id="article-body" class="row" section="article-body"> The DBLG1 System aims to automate type 1 diabetes management.
Abrar Al-Heeti/CNET Diabetes can be a hassle to manage, Глюкометры
but a new product wants to simplify the process by automatically delivering insulin to patients when it's needed.
The DBLG1 System, by French company Diabeloop, links a continuous glucose monitor Глюкометры and patch insulin
pump with a handset resembling cell phone. Every five minutes, a glucose measurement is sent via Bluetooth to that handset. An algorithm then analyzes the data in real time, taking into account the patient's physiology, history and Глюкометры
data entries on meals or Глюкометры exercise to figure out how
much insulin to administer. The system is designed for adults with type 1 diabetes.
More than 30 million Americans have diabetes, according to 2015 data from the American Diabetes Association. Of those people, around 1.25 million have type 1 diabetes. Patients often have to prick their fingers to measure their blood sugar and calculate insulin doses. But technology is helping to facilitate diabetes management by making it more automatic and precise.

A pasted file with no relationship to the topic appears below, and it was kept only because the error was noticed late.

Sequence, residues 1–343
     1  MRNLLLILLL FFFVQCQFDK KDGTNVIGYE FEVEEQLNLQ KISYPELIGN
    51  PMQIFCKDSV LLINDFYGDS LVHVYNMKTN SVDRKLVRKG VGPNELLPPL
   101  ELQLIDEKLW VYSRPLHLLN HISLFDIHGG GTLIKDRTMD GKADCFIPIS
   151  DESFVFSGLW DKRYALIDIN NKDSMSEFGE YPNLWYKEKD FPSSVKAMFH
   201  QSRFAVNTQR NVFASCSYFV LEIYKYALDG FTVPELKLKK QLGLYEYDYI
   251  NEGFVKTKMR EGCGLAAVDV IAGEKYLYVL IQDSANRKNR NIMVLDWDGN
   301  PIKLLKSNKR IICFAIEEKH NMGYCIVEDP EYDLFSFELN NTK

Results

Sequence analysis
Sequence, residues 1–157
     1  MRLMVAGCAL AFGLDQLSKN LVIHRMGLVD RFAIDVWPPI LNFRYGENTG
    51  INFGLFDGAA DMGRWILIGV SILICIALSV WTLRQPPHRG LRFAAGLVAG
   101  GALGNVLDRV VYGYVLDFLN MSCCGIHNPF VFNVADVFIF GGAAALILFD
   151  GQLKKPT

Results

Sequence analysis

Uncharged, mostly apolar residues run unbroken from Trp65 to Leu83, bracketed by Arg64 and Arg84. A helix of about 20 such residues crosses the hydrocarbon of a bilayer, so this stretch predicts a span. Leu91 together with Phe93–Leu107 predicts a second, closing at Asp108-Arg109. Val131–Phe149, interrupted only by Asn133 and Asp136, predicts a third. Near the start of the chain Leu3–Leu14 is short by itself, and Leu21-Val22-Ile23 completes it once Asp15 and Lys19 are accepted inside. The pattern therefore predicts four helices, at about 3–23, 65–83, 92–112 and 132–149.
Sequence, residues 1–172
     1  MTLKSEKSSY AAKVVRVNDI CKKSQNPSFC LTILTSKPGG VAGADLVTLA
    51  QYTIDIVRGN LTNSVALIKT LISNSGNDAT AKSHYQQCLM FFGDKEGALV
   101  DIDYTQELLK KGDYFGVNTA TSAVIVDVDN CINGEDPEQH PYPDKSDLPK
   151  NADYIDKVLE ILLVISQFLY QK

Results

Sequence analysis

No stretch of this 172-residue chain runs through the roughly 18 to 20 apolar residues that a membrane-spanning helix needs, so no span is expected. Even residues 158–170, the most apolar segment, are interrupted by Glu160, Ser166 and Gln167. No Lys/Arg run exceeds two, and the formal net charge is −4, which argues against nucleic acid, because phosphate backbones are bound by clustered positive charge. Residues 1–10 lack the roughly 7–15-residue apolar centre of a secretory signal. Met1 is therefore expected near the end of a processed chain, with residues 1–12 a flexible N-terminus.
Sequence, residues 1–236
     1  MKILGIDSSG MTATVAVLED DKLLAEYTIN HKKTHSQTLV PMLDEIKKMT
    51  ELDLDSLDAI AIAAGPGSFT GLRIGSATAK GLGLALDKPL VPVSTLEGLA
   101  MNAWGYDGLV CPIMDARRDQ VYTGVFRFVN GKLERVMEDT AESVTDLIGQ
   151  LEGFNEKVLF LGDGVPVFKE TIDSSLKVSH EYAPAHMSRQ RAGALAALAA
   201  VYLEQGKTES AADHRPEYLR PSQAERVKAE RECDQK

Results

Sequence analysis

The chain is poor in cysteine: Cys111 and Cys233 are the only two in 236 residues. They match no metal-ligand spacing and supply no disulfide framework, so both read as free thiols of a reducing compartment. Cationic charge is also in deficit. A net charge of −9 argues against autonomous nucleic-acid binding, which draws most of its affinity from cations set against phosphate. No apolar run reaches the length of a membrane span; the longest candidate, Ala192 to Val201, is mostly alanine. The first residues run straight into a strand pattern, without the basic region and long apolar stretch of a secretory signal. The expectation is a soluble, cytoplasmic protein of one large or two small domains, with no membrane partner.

Products like the Glooko's Mobile Insulin Dosing System, Глюкометры
which was FDA cleared last year, can directly access a patient's blood glucose data from a glucose meter, cutting the need to manually enter fasting blood glucose levels. Other tools, like the Dexcom G6 -- the continuous glucose monitor incorporated into Diabeloop's DBLG1 System -- wirelessly sends a person's blood sugar readings to an app as often as every five minutes. The wireless Kaleido pump, the third component of the DBLG1 System, pledges to deliver consistent and accurate insulin doses to wearers.